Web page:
Dollar, Stocks Slip as Treasuries Rise Amid Data: Markets Wrap

  • Bonds extend gains as European equities struggle for traction
  • Dollar slips after retail sales fall short of estimates

OPEC Risks Lower for Longer

The dollar fell while Treasuries rallied after tepid data on retail sales and inflation in the U.S. economy rekindled concern that growth won’t accelerate to levels economists project. U.S. stocks ended the day mixed, gold erased a weekly loss, and crude stayed below $48 a barrel.

The S&P 500 Index fell as Nordstrom Inc. became the latest retailer to miss earnings estimates. Small caps retreated 1 percent in the week, while technology shares edged higher. The dollar pared a weekly gain, while 10-year Treasury yields fell to 2.32 percent after retail sales in April rose less than forecast and inflation slowed. The Bloomberg Commodity Index rose for a third day, recovering from a 16-month low. European stocks struggled for direction following the biggest drop in three weeks Thursday.

Consumer prices rebounded last month, though at a slower pace than expected, while retail sales advanced after an unexpected drop in March. That was enough to bolster the case for Federal Reserve tightening in June, though not enough to ignite stocks or upset bonds. Investors cast a wary eye on Washington, where President Donald Trump escalated his war with fired FBI director James Comey at the same time his cabinet attempted to move forward on trade and regulatory reforms.

Read our Markets Live blog here.

Here are key events investors will be watching:

  • Chinese President Xi Jinping hosts world leaders including Russian President Vladimir Putin at a summit promoting his $500 billion trade-and-infrastructure plan, which is called the Belt and Road Initiative. The summit begins Sunday and will showcase Xi’s plans to remake global trade patterns in China’s favor.

Here are the main moves in markets:

Stocks

  • The S&P 500 fell 0.2 percent to end the week at 2,390.67 at 4 p.m. in New York. The index lost 0.4 percent in the period, the first slide in four weeks.
  • The Nasdaq Composite Index capped a weekly gain with a rise of 0.1 percent. Small caps in the Russell 2000 Index sank 1 percent in the five days.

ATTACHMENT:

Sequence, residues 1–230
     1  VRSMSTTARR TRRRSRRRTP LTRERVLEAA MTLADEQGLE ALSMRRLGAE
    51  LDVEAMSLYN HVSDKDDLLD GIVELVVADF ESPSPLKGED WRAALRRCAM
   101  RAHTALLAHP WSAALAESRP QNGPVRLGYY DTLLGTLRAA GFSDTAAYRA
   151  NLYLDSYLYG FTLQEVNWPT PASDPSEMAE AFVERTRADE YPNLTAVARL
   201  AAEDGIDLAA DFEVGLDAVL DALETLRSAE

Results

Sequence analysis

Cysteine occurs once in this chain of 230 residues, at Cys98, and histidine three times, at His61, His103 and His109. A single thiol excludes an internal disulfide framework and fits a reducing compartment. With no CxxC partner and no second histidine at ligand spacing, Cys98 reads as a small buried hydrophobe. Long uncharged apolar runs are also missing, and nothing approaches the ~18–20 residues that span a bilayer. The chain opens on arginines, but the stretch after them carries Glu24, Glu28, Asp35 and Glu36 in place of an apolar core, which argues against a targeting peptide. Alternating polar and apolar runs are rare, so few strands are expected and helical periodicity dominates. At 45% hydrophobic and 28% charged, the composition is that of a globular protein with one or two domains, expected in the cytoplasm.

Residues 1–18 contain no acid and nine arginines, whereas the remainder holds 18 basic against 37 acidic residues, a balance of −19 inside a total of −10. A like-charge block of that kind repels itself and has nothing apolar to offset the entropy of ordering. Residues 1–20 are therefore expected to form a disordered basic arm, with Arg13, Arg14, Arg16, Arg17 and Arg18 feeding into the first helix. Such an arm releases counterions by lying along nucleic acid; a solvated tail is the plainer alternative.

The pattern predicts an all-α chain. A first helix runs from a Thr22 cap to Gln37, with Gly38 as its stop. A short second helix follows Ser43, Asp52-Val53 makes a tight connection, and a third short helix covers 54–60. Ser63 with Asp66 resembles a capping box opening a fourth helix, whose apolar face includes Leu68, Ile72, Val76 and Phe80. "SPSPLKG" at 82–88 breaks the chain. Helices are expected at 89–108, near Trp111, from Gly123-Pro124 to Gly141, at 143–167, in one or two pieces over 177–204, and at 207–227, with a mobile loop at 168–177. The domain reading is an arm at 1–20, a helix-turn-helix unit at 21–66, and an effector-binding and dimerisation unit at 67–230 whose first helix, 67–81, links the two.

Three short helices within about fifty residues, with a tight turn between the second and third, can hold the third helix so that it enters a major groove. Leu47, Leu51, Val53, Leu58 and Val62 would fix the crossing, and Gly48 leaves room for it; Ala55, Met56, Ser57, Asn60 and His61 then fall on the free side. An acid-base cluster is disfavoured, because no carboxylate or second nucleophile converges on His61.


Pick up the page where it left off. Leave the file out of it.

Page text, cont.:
• The Stoxx Europe 600 rose 0.3 percent to turn in a gain of the same amount in the five days.
  • The MSCI Emerging Market Index rose 0.3 percent to cap a fifth straight advance, its longest rally since March. The measure climbed to the highest in 11 months.

Currencies 

  • The Bloomberg Dollar Spot Index slipped 0.3 percent. It rose 0.4 percent in the past five days, the first weekly advance in a month.
  • The yen added 0.5 percent to 113.289 per dollar, trimming its drop for the week. 
  • The euro gained 0.6 percent to $1.0929, to pare a weekly decline to 0.6 percent.

Bonds

  • The yield on 10-year Treasury notes fell six basis points to 2.32 percent, after retreating three basis points Thursday. That left the rate lower by two basis points in the week.
  • The five-year breakeven rate, which measures the yield spread between Treasuries and Treasury Inflation Protected Securities, fell about 0.06 percentage point Friday, on pace for the biggest drop since June, while the 10-year gauge sank the most this year.
  • Benchmark yields in France, Germany and the U.K. dropped.

Commodities

  • Oil’s rebound ran out of steam as investors focus on all the production that OPEC can do nothing about. Crude capped the first weekly gain with an advance of 1 cent Friday to settle at $47.84.
  • West Texas Intermediate rose 3.4 percent in the week, but is down 11 percent in 2017.
  • Gold advanced 0.3 percent to settle at $1,227.70 an ounce in New York for a third straight day of gains. The metal rose 0.1 percent in the week after touching the lowest level since mid-March on Tuesday.
  • Aluminum rose as China’s top state smelter suspends production capacity of intermediate material alumina. London aluminum added 0.9 percent to settle at $1,891 a ton.
  • Cotton prices jumped to the highest in almost three years amid signs of tightening global supplies and buoyant demand as exports reached a government target in the U.S., the world’s biggest shipper.
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